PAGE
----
Krystal Jakosky: I have, I have loved having you here. I have loved chit chatting with you. I really hope that everybody out there listening has enjoyed listening to us as well, and that you’ve been inspired and that you are leaving this session of this podcast uplifted and smiling. I am. I love Kevin. I love just the way that it’s so free and easy to talk with you. How do people find you and are there any last tidbits of wisdom or words of knowledge that you would like to share with people?
Kevin Pennell: So I would say first you can contact me through my website, which is toward better life.com. If you want to reach out to me, just write to me at firstname.lastname@example.org. I am available to do consultations and stuff like that from time to time. I haven’t mentioned that, but I do, I have done that and I will be more than happy to do it. so that’s the two easiest ways to do it. You know, if I go into phone numbers and stuff. When we get acquainted, you can have my phone number and we can text. That’s fine. Yeah.The easiest thing is toward better life.com and Kevin toward better life.com. And that’s an email and the website. That’s the easiest way to do this. And if you’re in the western North Carolina area and you’re looking for a massage, you can still do the same thing. I’ll just direct you to who to contact to get a massage. I think I would leave people just with those same simple words that if I can get them again in my head properly, and that is listen to your heart and spirit because they won’t let you down.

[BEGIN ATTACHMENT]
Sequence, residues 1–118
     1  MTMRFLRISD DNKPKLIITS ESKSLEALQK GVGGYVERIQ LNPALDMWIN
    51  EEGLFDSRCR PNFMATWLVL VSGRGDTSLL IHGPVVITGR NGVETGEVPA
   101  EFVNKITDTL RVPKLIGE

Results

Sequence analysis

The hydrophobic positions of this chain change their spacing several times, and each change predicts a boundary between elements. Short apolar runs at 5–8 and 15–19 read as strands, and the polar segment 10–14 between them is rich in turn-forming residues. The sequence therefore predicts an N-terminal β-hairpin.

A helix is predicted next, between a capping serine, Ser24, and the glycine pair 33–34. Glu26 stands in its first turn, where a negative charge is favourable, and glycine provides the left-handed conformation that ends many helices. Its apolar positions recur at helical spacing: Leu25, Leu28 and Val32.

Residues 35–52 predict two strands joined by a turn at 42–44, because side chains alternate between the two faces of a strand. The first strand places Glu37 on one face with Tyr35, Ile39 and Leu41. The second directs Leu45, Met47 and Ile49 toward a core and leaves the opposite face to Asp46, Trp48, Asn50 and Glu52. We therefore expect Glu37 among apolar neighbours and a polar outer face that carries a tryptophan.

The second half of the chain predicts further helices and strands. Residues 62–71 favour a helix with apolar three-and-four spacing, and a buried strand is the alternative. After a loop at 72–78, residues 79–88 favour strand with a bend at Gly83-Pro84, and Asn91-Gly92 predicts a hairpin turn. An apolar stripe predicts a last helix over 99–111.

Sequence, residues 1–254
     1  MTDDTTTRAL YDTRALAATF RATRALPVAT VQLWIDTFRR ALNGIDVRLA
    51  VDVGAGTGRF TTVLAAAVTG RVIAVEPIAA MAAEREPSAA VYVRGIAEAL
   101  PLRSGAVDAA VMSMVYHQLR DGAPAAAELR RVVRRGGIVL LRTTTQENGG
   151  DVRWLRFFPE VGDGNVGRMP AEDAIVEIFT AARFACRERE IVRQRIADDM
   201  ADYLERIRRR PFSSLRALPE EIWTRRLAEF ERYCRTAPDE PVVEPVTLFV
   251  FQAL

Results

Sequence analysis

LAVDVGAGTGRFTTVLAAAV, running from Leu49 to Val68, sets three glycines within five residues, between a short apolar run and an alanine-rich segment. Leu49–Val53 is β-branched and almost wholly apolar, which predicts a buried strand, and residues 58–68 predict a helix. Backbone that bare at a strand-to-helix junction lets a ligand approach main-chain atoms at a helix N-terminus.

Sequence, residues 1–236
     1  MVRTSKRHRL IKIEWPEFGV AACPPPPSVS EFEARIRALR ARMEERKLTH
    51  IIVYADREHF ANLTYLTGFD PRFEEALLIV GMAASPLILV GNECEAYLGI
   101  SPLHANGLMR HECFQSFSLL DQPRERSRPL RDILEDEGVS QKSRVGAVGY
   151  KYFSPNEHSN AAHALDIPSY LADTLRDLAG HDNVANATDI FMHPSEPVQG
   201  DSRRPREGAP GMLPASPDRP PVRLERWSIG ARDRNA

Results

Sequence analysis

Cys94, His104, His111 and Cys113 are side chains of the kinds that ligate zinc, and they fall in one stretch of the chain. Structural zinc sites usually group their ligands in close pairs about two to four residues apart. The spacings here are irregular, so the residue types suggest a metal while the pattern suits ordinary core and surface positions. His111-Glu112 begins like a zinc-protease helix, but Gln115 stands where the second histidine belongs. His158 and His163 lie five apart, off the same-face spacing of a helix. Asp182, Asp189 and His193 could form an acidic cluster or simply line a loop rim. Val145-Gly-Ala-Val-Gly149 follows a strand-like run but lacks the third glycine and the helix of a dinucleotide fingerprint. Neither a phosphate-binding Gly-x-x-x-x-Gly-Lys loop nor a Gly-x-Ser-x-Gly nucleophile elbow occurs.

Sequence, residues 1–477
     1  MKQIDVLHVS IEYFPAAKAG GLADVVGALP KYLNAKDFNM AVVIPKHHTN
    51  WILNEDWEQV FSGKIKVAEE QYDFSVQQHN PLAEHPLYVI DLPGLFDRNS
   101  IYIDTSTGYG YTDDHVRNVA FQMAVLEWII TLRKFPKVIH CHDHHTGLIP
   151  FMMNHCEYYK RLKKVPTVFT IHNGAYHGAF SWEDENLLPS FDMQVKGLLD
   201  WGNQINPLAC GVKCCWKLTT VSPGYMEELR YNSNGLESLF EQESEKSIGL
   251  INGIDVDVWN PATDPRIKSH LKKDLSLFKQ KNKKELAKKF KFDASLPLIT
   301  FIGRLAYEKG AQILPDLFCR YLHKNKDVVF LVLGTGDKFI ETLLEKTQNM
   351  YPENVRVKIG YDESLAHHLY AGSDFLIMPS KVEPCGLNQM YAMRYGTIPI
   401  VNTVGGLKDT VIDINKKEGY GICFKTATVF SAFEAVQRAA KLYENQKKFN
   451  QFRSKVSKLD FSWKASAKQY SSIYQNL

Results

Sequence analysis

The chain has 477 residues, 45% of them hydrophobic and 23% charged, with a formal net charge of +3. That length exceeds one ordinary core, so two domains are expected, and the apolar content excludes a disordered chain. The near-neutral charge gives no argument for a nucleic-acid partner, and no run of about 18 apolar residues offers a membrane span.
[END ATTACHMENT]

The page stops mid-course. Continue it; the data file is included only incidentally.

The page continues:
Krystal Jakosky: Amen. Oh, thank you so much for being here today. Thank you for sharing with me and starting my day off so beautifully. So Right. Thank you.
Kevin Pennell: Thank you. Pleasure’s all mine. We’ll do this again.
I hope this moment of self care and healing brought you some hope and peace. I’m Krystal Jacosky on Instagram, Facebook, and YouTube. And I hope you check us out and follow along for more content coming soon. I look forward to being with you again here on Breathe in. Breathe out. Until next time, take care.
Think meditation is hard? Do me a favor, take a slow deep breath in and now breathe out. Congratulations, you just meditated. Hi, I’m Krystal Jakosky, and this is Breathe In, Breathe Out: a Weekly Mindfulness and Meditation podcast for anyone ready to own their own shit and find a little peace while doing it.
Krystal Jakosky: Hello and welcome back to Breathe In, Breathe Out. I’m Krystal Jakosky. And as always, I am absolutely thrilled that you chose this moment today and that you are here with me, just taking a time out and breathing in what life has to offer you in this moment. Today I get to speak with Raychel Perman. She is a certified life and leadership coach, speaker, bestselling author, podcast co-host, and co-founder of Rayma Team. She shares her story of overcoming trauma and living with a mental health challenge and chronic pain to inspire others that are broken. This does not disqualify you from living and leading. Well, it actually prepares you, so hello and welcome. How are you today, Raychel?